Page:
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Best friends since childhood Mitch (Ryan Reynolds) and Dave (Jason Bateman) have drifted apart in recent years. Mitch has remained a single, sometimes employed man-child who has avoided responsibility and can't finish anything he starts, from jobs to relationships. But he has lots of superficial fun. Dave has a beautiful wife Jamie (Leslie Mann), kids who adore him and a well paid job at a prestigious law firm. During a night on the town together, they wish they could swap lives - and thanks to the mysteries of a stone fountain, they wake up with their wish fulfilled. That's when their troubles begin as their new lives in each other's bodies unravel and force them to face up to what they really want.

Review by Louise Keller:
It's a well tried formula, but The Change Up feels as fresh as a new pair of diapers, in this upbeat body switch movie in which a workaholic lawyer and his dope-smoking best friend find themselves literally in each other's shoes. Justin Bateman plays an ambitious career person who has forgotten how to enjoy his family life while Ryan Reynolds is the body-beautiful part-time actor who spends all his time on recreation. Toilet humour, masturbation, bare breasts, gross out and the juxtaposition of unlikely situations are all part of the funny and often crass script penned by Jon Lucas and Scott Moore and filled with home truths. The credibility of the two leading men whose lusts for life are re-examined plays its part in the success of the film.

When we first meet Dave Lockwood (Jason Bateman) in the wee small hours of the morning, he is fully immersed in nappy changing duties and feeding his baby twins, taking every tricky moment in his stride. He's a natural, which is more than we can say for his best friend Mitch Planko (Ryan Reynolds), who doesn't have a clue when it comes to looking after kids, thinking that it's cool to toss them into the air or park them on the kitchen bench, close to the set of carving knives. Key to the film's twist is the establishment of both characters in their respective lifestyles and director David Dobkin does this carefully, showing enough of both Dave and Mitch in their everyday lives so that we feel as though we know who they are.

When the body switch occurs - as Dave and Mitch are relieving themselves in a fountain after a boozy night watching the game - our appetite has been whetted for the hilarity to come. At the same moment, they genuinely wish they could swap lives - a wish they quickly regret. Mitch (in Dave's body) has Dave's lovely wife Jamie (Leslie Mann) to contend with plus dialogue night; children's issues and a contentious company merger which promises a partnership in the firm. Dave (in Mitch's body) finds himself turning up for an acting role in Room 69 with a dubious East European film director and a big busted starlet who has seen better days. There's a funny subplot involving Dave's colleague, the luscious Sabrina (Olivia Wilde), who Dave has admired from afar, and who becomes matched with Mitch - except that Mitch is really Dave, and Dave is confused because he really loves his wife. Get the picture? Look out for Alan Arkin as Mitch's estranged father.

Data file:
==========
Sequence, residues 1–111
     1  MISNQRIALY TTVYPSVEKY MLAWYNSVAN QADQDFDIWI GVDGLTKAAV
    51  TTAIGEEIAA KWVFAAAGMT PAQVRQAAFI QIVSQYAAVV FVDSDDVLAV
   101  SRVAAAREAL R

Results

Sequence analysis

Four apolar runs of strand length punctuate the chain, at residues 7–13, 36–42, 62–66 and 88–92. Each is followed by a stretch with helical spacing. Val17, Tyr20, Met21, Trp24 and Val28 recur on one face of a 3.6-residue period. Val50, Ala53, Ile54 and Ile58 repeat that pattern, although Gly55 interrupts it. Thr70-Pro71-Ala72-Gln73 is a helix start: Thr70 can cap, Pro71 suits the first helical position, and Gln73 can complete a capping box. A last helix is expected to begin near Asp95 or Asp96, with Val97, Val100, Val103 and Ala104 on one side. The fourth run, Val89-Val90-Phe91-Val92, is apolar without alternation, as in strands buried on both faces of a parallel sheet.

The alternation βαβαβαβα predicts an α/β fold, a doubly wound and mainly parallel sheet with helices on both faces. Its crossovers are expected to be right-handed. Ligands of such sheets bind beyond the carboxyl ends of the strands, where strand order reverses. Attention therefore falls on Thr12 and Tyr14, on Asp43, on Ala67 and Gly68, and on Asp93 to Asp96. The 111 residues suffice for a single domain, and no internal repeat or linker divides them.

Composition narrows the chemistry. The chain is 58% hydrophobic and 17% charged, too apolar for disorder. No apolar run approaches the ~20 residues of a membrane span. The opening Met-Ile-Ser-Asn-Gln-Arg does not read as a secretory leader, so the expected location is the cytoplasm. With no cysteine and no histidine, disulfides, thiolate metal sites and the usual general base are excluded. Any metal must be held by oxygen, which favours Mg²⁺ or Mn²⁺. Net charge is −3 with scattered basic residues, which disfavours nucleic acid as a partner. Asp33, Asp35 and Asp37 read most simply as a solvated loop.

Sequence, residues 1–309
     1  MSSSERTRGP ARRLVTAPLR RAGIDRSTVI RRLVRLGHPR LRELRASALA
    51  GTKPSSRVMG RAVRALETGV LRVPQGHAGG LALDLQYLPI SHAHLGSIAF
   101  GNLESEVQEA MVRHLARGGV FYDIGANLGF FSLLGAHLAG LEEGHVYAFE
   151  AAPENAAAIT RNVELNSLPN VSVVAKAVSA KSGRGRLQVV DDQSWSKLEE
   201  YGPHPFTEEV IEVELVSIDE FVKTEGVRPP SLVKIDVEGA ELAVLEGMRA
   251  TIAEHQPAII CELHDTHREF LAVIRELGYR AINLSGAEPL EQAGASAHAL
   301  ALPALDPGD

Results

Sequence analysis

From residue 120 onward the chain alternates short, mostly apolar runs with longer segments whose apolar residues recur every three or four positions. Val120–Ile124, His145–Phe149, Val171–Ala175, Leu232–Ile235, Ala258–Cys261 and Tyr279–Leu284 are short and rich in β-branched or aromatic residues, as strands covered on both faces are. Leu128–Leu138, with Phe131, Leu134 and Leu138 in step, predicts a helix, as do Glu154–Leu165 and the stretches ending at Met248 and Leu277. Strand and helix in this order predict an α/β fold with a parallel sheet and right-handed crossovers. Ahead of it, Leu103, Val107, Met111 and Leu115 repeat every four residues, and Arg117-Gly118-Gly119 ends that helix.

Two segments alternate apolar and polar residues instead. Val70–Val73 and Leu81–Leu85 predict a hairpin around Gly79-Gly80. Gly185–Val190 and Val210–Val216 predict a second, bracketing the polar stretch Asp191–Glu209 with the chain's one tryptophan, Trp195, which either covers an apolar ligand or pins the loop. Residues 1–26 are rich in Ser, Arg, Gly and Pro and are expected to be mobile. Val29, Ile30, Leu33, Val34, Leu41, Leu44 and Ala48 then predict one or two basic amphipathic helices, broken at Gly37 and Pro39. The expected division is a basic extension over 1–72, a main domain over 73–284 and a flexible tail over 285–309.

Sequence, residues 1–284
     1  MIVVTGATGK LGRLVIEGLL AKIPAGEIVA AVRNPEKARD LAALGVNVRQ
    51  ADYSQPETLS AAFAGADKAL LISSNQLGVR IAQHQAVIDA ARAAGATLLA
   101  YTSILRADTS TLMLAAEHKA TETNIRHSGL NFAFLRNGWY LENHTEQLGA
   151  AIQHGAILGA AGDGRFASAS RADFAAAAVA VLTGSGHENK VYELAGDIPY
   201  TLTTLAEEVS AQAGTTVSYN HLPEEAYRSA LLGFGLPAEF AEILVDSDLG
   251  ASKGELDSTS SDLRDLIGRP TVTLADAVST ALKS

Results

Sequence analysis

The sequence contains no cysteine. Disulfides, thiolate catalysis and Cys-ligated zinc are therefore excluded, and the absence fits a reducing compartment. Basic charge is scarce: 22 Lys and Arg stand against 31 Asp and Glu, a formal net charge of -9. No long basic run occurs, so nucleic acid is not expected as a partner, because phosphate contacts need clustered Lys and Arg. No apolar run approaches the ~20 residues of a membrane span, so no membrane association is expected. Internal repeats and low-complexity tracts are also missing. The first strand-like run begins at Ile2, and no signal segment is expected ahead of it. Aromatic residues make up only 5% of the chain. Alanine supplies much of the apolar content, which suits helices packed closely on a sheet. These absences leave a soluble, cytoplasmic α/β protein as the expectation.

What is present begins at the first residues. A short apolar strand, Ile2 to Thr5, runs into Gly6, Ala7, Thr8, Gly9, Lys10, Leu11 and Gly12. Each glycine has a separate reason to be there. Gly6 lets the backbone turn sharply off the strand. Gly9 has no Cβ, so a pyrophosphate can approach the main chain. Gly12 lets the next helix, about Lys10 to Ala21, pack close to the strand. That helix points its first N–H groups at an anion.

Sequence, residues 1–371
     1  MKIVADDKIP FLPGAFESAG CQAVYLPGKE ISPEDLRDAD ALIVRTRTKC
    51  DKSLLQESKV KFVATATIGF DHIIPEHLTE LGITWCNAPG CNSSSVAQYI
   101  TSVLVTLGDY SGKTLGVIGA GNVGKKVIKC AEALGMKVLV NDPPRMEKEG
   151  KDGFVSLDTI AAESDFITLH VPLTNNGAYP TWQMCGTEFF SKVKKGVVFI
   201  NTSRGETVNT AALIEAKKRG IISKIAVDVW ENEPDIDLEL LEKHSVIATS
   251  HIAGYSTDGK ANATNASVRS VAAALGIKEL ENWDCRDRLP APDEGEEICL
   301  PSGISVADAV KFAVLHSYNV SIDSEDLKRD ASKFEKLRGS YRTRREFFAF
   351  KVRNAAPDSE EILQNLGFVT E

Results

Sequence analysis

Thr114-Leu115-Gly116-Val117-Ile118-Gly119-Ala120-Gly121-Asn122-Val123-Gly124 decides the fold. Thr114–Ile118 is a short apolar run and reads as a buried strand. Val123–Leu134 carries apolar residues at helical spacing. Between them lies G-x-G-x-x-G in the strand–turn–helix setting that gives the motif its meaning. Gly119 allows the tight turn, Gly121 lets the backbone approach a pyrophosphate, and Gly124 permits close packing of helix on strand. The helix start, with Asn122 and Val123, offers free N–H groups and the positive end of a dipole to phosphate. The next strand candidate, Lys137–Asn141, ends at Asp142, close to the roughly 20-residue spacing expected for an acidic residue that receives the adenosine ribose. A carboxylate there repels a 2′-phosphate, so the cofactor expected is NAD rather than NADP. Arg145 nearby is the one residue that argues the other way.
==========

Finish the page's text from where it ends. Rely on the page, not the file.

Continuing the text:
Bateman and Reynolds deliver in spades with strong support by Mann as the insecure wife whose husband lives to work and Wilde, the tattooed, wild-child Sabrina who likes 25 year old Macallan and a degustation of deserts for a sugar hit. Needless to say things work out for the best, but along the way there are surprises, a swag of laughs, some cringes and home truths are splattered high and low. Guaranteed laughs for a feel-good change-up.

Review by Andrew L. Urban:
Be careful what you wish for is one of the messages of body switch comedies down the years, whether man to woman, man to boy or married buddy to single buddy, as here. We all connect to the notion that the grass is always greener on the other side, and we understand why this switch seems so appealing to both Mitch (Ryan Reynolds) and Dave (Jason Bateman).

The key attraction for an audience is the pain and embarrassment the characters - and their family, friends - may have to go through on the journey of discovery toward self awareness. But the real key to the film's success is the tone: this will determine what sort of audience appeal it has. The Change Up has a tone that appeals to audiences who crave crude, toilet based humour with as many mentions of penis or balls as the script can manage, as much titillation as it can muster. The first big laugh is Dave getting a face full of poo from his baby son. The film should do well at the box office.

On its own terms, then, The Change Up manages to maintain its deliberately lowered tone and put its characters through a variety of awkward situations, lowbrow jokes and vulgarities until it seems the screen has indeed pooed on us the audience.

Maybe it's just me, but to see beautiful Olivia Williams or Leslie Mann descending to the ribald riffs of this screenplay is especially unsettling. On the other hand, they bring some heart to a film that often prefers the overstated cheap laugh to any sense of credible character or situation. It's all too obvious.

So that's the deal; it's a real pizza and beer movie, raucous and tasteless. But to bring us out of the film, it goes for schmaltz, that old safeguard used by filmmakers who want to earn our thanks for showing human nature to be soft and gooey, after showing us that it's just soft and gooey as in child poo.

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(US, 2011)

CAST: Olivia Wilde, Ryan Reynolds, Jason Bateman, Leslie Mann, Mircea Monroe, Alan Arkin, Anna Colwell, Andrea Moore,

PRODUCER: David Dobkin, Neal H. Moritz

DIRECTOR: David Dobkin

SCRIPT: John Lucas, Scott Moore


MUSIC: John Debney

RUNNING TIME: 111 minutes


AUSTRALIAN RELEASE: September 8, 2011

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